New reproductives have wings and leave the nest on mating flights in the spring. The timing of these flights varies for each species. For example, C. modoc swarms in the late afternoon, often after a heavy rainfall. After the mating flight, males die, and inseminated queens disperse in search of potential nest sites such as a dead tree or stump. Here, the newly mated queen excavates a chamber, seals herself in, and begins laying eggs. Colony growth is slow at first and only after several years does the colony reach maturity and begin producing a new generation of winged ants to begin the cycle again.
Since its introduction to the United States from South America in the late nineteenth century, the Argentine ant, Linepithema humile, has become a serious agricultural and urban pest throughout much of California and in numerous urban developments in the southeastern U.S. This invasive ant has disrupted ecosystems worldwide by directly displacing other ants (including fire ants) and other insects. Honeydew produced by aphids, scale and whiteflies is an important food source for the Argentine ant. Consequently, Argentine ants can be a serious problem when they tend these insect pests and protect them from natural enemy predation creating a problem in the ornamental landscape.
In the urban environment, Argentine ant colonies can reach high population levels around homes, schools, hospitals, etc. It is the dominant urban ant pest in California and Georgia and a significant localized pest in the other southeastern states such as South Carolina, Alabama, Mississippi, Louisiana, Florida, Tennessee and North Carolina. An urban ant distribution survey in North Carolina in 2000 determined that Argentine ants were present in over 20% of the samples submitted by professional pest control operators (PCOs). Either ants were misidentified earlier or have more recently become a problem in North Carolina as natural and agricultural habitats have been cleared for urban development.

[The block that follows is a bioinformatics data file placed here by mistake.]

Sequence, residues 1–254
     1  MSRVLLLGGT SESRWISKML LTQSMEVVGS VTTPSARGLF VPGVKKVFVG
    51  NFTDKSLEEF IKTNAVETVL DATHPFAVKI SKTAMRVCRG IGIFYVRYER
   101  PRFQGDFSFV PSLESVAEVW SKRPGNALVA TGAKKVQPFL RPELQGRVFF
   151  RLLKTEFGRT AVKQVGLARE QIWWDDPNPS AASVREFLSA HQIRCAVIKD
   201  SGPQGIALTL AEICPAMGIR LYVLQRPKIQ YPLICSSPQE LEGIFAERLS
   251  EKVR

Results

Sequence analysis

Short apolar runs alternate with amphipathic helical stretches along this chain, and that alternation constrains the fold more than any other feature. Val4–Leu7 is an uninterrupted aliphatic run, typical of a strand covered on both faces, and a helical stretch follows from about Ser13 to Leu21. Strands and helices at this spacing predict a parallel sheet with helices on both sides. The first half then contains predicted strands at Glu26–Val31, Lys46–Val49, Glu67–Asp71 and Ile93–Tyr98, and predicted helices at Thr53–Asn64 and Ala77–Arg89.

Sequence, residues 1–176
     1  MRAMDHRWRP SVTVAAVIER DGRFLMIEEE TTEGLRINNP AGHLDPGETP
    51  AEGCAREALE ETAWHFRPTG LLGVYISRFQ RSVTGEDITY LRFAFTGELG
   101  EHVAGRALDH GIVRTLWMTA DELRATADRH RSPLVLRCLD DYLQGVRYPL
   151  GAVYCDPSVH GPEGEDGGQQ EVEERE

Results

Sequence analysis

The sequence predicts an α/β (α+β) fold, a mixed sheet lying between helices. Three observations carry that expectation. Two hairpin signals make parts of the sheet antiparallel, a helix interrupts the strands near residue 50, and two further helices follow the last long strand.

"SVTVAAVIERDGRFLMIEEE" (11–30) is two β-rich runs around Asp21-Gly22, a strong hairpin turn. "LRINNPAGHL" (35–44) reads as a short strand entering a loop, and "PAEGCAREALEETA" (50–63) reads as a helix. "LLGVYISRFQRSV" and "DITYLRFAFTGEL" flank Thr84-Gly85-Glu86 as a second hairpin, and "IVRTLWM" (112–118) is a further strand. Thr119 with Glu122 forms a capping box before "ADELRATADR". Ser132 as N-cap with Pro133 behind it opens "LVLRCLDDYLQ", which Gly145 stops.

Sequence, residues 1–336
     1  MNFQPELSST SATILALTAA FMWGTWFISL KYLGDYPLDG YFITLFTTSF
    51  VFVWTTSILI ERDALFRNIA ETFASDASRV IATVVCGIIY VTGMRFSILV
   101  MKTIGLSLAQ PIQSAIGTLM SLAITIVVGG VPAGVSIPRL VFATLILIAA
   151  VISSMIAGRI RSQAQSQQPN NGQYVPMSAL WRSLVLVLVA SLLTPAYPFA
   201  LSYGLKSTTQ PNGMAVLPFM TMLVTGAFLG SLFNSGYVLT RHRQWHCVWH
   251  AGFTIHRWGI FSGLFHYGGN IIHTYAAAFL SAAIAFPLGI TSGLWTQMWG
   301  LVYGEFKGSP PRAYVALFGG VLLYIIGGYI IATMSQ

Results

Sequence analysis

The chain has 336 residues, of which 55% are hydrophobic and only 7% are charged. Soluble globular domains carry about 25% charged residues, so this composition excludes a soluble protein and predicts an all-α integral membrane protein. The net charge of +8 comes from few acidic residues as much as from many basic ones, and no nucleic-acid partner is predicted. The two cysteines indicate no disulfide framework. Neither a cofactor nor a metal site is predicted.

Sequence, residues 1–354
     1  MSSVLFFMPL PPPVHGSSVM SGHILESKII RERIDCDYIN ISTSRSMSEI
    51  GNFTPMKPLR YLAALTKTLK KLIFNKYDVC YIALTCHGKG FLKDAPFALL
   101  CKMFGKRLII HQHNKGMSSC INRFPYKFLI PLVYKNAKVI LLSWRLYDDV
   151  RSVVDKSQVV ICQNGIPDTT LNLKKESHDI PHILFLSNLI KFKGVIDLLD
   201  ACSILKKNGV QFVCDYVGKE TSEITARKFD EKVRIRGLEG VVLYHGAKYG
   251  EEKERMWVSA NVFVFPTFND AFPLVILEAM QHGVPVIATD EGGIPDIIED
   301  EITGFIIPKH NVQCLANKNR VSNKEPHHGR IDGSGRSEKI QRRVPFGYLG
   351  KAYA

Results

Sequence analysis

Argentine ants do not bite or sting, but heavy ant activity in the urban landscape creates a nuisance for individuals seeking to spend time out-of-doors. Additionally, foraging workers will frequently migrate indoors in search of food and/or in response to outdoor extremes of drought or flooding. Activity of these ants indoors and outdoors provokes homeowners and businesses to apply remedial pest control themselves or have commercial pest control companies perform the work. Chemical insecticides, alone, without an overal management strategy are often inadequate for the long term.
Workers are about 1/8 inch (2.2 to 2.6 mm) in length. Argentine ants have a constricted petiole with one node and the12-segmented antenna has no club. Workers are usually a uniform light brown to brown in color, are slender-bodied with an oval to somewhat triangular shaped head. Mandibles (jaws) have two large teeth neat the tip followed by a series of small teeth.
The Argentine ant nests in diverse habitats and may support multiple reproductive queens in a colony. Related colonies may also be interconnected creating a web-like super population. They nest in soil exposed or protected under mulch, rotten wood, standing dead trees, debris, bird nests, bee hives, and many other places. Indoor nests are often found in walls of bathrooms and kitchens and in crawl spaces beneath the floor. They have a general diet and feed on sweets or fruit and will readily utilize honeydew from certain insects. Indoors they may also feed on grease-containing foods. They can exist in harmony with other related Argentine ant colonies but eliminate competing species within their range. The number of ants in large colonies is almost inestimable.